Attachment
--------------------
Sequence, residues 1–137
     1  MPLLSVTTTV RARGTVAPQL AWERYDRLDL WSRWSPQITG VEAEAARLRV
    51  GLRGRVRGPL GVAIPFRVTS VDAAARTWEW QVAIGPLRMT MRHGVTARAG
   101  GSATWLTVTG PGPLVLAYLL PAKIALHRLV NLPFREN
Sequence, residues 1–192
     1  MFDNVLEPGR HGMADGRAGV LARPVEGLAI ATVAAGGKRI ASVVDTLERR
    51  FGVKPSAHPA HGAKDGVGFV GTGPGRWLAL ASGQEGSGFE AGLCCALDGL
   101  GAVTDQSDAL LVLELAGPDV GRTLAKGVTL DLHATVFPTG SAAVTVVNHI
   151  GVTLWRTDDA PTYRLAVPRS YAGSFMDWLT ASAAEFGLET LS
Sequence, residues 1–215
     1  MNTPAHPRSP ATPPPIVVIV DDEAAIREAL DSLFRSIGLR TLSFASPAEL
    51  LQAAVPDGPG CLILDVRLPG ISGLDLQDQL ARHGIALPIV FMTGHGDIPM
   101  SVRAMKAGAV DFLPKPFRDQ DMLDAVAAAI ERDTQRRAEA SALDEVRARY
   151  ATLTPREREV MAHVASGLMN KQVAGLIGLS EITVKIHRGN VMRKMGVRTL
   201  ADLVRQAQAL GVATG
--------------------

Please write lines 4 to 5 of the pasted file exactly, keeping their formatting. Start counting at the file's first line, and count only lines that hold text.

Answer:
   101  GSATWLTVTG PGPLVLAYLL PAKIALHRLV NLPFREN
Sequence, residues 1–192